AE6XE
AE6XE's picture
KF0ALV,

KF0ALV,

On the AREDN team, we've been wanting and starting to look at LibreMesh in thinking about what's next after OLSRv1, which no longer has active development.    Batman Adv (layer 2) and Batman BMX (layer 3) is something in consideration.     Any ideas you have of how these routing protocols could be used to replace OLSRv1 would be a welcomed discussion.  We have to figure out how to auto-assign addresses, probably means jump to IPv6, to have autonomous mesh nodes that join the network with no pre-planning. 

In regards to creating gateways with AREDN and other mesh networks, and part 97 issues...   This is my personal observation and opinion and may not represent others on the AREDN team.   I don't see my role or the AREDN firmware as a police role and expect a licensed Part 97 operator to be responsible to meet the obligations of their license.  However, A fellow ham will come knocking on a person's door, if they do not have a node name that includes their callsign and transmitting under part 97 operations --  this would mean they are not transmitting their callsign as required by part 97 operations.   We all share the responsibility to work together and as a community operate in the spirit and intent of part 97 licensing.   Not everyone will agree on what this means, for some issues.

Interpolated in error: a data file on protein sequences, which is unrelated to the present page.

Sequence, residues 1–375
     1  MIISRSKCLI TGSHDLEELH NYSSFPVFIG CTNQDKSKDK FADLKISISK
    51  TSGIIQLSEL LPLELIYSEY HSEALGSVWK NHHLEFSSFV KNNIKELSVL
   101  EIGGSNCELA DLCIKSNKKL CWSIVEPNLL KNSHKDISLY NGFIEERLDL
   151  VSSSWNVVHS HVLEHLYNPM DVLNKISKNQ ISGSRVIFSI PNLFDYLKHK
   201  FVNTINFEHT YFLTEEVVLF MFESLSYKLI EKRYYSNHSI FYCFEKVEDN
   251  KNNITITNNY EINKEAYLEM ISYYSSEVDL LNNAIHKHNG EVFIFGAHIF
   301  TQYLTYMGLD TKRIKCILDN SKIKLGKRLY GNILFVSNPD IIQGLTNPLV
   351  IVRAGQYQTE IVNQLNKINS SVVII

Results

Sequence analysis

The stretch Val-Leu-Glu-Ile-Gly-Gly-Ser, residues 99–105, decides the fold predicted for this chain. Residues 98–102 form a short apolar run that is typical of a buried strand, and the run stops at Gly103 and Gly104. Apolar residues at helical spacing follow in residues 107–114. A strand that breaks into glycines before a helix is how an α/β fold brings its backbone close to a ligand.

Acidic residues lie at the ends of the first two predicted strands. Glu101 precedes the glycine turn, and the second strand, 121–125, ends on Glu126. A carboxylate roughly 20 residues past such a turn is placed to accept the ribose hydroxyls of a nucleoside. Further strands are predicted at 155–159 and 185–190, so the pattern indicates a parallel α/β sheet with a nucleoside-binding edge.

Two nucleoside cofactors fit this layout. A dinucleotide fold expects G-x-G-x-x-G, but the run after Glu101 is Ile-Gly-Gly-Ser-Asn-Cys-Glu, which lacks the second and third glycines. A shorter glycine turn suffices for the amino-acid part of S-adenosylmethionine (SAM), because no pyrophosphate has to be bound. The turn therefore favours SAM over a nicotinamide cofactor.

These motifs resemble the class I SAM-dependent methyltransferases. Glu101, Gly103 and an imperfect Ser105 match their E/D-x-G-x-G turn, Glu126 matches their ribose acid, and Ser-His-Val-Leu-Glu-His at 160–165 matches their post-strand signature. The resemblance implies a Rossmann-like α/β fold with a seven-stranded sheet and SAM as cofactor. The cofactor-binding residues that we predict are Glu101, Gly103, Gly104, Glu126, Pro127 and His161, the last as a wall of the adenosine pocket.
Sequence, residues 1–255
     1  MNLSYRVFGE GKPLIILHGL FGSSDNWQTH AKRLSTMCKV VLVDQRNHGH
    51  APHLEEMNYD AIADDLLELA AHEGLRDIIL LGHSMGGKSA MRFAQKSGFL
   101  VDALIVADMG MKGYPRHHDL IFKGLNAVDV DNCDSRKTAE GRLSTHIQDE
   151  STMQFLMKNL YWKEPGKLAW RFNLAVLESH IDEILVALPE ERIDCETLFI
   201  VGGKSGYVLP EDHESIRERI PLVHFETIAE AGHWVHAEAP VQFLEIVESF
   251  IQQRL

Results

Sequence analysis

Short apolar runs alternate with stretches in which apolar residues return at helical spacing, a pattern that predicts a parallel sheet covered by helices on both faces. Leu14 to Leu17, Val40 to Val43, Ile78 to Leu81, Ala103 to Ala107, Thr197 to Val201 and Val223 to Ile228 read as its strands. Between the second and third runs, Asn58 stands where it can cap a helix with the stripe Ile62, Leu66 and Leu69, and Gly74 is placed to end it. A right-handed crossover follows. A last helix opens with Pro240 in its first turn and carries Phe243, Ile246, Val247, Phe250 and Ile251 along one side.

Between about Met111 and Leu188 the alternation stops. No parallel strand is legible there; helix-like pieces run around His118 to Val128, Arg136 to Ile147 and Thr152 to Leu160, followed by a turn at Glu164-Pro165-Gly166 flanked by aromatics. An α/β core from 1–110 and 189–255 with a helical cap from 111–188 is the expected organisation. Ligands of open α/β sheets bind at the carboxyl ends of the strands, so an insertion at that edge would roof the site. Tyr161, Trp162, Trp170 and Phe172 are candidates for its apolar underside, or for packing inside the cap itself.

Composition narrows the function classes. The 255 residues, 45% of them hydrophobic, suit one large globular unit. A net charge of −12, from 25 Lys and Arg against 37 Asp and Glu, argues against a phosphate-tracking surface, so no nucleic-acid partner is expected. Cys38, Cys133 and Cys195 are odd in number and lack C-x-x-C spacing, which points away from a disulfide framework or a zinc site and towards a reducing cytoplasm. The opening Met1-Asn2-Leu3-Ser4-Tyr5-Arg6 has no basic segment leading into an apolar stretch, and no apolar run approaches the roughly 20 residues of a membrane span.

There are a few things to consider to attach to and extend the AREDN network with custom devices.   Some of the issues that have occurred in the past, as an example, include a stable OLSRv1 version.  The default olsr version generally available in linux is an ancient .0.6.x version, and has since had 1000+ fixes.  Also, having consistency in how OLSR is configured, otherwise risks breaking some information everyone sees in mesh status.   Firewall rules and implementing a matrix of policy routing tables is necessary, to avoid breaking expected behavior and gateway default routing.